People can foresee the future only when it coincides with their own wishes, and most grossly obvious facts can be ignored when they are unwelcome.
To those who were once haunted by the outspoken British novelist George Orwell’s novel Nineteen Eighty-Four (1984) that chillingly revealed an imaginary future (1984) polluted by totalitarianism, law enforcement dishonesty, forced surveillance, and alas, the smothering of human virtues by distortion of morality and hunger for technological control, otherwise known today as artificial intelligence (AI), remember that the writer had envisioned such a universe in 1949, which has clearly surfaced as our reality after fifty years. The images and predictions in Orwell’s novel are spellbindingly staggering in parallel to what we currently witness in our world today—facial and voice recognition, Speakwrite technology that transcribes speech into written text, artificial islands for warship installations, Versificator music and literature composition program using AI, and other preconceived inventions. While Nineteen Eighty-Four depicted such a futuristic macrocosm in a dictatorial and destructive point-of-view, today these advanced technological tools are being presented to us in more hopefully positive tones and in various strategies to reverberate convenience, speed, safety and overall efficiency in work and daily life.
Mori Art Museum in Tokyo is currently exhibiting an astonishing exhibition on the probable impacts of artificial intelligence, robotics, biotechnology, information technology and radical design innovations on the future environment and humanity. Running until March 29, 2020, Future and the Arts: AI, Robotics, Cities, Life—How Humanity Will Live Tomorrow1 opens our minds to the almost infinite possibilities of scientific experimentation, consequently preparing us to confront adverse changes in our physical capacity, mindset and instinctive approach to environmental concerns. The exhibition is divided into five sections: New Possibilities of Cities, Toward Neo-Metabolism Architecture, Lifestyle and Design Innovations, Human Augmentation and Its Ethical Issues, and Society and Humans in Transformation, covering over 100 projects displaying modules, installations, videos, photography and architectural models by creators and innovators worldwide.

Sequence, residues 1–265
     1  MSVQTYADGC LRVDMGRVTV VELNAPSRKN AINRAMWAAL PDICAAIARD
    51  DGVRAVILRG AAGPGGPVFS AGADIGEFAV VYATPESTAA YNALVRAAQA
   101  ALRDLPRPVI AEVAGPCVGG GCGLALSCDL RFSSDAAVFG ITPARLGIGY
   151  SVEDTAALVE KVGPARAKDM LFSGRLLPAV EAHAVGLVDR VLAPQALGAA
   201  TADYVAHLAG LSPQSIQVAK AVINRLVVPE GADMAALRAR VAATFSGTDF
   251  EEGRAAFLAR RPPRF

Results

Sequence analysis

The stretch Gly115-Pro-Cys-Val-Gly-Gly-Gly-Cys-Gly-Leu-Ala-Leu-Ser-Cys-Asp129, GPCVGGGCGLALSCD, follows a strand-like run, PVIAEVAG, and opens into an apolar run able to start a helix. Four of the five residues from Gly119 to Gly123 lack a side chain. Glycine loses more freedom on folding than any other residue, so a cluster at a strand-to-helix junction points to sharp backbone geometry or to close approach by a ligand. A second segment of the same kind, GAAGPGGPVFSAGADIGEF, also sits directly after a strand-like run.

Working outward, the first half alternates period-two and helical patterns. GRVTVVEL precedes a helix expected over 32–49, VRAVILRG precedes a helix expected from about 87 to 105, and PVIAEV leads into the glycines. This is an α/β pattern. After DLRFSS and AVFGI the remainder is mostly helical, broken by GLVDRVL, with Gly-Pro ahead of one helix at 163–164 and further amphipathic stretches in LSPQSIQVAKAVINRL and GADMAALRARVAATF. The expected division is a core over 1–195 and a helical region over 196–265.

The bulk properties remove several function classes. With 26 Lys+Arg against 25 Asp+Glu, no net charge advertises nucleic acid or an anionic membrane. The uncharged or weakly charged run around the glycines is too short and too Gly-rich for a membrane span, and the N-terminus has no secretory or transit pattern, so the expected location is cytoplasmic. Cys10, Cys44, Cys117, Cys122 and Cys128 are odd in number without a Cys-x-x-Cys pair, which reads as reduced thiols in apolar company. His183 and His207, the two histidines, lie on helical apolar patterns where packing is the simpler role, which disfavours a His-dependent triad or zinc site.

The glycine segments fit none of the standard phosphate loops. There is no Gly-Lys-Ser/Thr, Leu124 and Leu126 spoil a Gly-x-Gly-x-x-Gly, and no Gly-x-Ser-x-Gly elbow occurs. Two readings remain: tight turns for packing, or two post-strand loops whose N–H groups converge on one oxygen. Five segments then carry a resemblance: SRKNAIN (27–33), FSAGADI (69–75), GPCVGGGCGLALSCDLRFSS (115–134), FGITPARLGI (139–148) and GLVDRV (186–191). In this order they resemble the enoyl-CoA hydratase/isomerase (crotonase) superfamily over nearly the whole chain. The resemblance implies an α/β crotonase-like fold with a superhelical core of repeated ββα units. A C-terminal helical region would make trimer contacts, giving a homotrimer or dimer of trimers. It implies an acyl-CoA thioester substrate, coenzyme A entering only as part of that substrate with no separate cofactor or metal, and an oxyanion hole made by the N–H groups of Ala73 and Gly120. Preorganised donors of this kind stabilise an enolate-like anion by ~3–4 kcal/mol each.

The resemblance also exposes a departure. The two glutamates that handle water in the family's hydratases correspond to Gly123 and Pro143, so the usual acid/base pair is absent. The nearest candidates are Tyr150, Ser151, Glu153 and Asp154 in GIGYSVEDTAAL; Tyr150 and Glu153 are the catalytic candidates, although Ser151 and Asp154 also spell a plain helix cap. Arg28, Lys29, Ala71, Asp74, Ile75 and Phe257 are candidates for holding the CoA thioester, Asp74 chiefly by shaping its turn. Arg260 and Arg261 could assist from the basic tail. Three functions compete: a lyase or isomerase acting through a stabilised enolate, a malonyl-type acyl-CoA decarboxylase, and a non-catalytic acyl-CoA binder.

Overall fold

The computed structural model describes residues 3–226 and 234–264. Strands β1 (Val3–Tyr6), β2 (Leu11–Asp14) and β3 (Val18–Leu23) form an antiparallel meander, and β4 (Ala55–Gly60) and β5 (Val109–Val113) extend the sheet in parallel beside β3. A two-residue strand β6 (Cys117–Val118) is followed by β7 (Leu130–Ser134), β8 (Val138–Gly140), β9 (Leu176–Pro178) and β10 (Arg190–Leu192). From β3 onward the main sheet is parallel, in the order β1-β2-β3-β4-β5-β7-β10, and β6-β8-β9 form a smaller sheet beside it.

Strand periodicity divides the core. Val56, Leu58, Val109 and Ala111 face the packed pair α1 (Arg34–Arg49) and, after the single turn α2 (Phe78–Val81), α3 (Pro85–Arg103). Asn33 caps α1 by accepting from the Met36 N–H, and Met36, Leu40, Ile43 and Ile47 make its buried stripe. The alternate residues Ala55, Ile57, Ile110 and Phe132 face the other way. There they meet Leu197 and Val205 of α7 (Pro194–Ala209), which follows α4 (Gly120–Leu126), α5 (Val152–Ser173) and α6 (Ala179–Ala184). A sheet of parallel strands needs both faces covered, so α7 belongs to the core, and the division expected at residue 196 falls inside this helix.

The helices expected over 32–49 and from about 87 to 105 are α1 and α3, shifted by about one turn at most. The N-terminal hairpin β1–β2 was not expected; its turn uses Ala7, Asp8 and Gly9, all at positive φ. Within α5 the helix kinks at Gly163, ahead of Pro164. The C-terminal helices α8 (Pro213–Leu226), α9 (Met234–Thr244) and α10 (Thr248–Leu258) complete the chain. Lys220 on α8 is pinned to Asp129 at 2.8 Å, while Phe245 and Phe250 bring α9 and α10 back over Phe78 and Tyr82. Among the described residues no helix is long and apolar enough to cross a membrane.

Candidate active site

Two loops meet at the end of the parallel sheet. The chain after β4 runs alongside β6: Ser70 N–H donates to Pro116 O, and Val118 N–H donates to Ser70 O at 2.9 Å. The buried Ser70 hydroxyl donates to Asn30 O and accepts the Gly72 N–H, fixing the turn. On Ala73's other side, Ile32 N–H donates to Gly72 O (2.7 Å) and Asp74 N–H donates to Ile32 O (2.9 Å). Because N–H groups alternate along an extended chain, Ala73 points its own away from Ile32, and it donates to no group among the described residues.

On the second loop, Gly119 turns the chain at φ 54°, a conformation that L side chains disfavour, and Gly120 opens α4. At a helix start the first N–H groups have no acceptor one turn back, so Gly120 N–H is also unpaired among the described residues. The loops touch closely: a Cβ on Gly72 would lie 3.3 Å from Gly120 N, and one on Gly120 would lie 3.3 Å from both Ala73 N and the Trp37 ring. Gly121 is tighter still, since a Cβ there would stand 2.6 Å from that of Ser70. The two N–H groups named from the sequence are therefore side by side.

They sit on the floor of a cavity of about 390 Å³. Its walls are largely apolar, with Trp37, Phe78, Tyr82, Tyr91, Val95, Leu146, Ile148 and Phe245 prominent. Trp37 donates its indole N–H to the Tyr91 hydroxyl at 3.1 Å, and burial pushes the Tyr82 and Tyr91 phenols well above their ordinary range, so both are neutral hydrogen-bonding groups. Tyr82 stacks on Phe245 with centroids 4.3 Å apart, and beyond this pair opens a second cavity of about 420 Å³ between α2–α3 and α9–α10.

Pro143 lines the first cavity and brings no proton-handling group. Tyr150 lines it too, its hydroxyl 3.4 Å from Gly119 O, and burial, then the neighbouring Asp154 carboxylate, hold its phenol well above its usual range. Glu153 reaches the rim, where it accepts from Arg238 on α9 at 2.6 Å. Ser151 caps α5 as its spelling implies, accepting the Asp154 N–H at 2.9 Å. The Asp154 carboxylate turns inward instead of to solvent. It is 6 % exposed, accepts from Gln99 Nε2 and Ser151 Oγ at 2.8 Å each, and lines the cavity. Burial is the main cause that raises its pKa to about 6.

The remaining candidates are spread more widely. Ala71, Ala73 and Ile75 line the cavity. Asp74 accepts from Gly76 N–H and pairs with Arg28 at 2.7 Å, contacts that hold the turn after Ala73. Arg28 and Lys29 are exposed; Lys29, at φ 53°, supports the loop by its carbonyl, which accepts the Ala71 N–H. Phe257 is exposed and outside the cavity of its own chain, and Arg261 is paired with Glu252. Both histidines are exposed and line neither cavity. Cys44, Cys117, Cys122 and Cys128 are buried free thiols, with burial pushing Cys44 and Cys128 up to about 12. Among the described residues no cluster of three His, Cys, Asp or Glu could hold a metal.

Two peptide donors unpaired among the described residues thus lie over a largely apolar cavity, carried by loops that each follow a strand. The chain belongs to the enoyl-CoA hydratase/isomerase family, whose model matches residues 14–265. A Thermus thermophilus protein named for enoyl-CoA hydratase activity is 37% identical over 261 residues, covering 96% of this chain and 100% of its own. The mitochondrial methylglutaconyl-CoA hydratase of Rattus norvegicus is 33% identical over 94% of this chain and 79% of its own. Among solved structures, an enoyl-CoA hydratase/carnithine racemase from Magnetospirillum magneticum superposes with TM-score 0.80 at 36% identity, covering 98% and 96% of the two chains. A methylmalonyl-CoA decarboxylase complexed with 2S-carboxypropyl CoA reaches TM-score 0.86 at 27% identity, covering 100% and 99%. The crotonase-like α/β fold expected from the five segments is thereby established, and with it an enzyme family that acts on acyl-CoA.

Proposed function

In New Possibilities of Cities, we imagine cities that are no longer confined to vertical construction on land. The Bjarke Ingels Group from Denmark, for example, exposes the possibility of a floating city on water in Oceanix City, a self-sufficient environment of hexagonal platforms made from “replenishable materials such as wood and fast-growing bamboo…” materials sitting on the ocean, which are weatherproof against floods, tsunami or hurricanes—evidently solving global climate changes we experience today. The colossal project synthesizes ocean engineering and advanced ecosystem technology that is able to channel the flow of energy, food and water through seawater urbanization. What is most appealing about the revolutionary architecture is its disassembly and reconfiguration function so that the structures can transform over time as they adapt to the changing needs of the residents.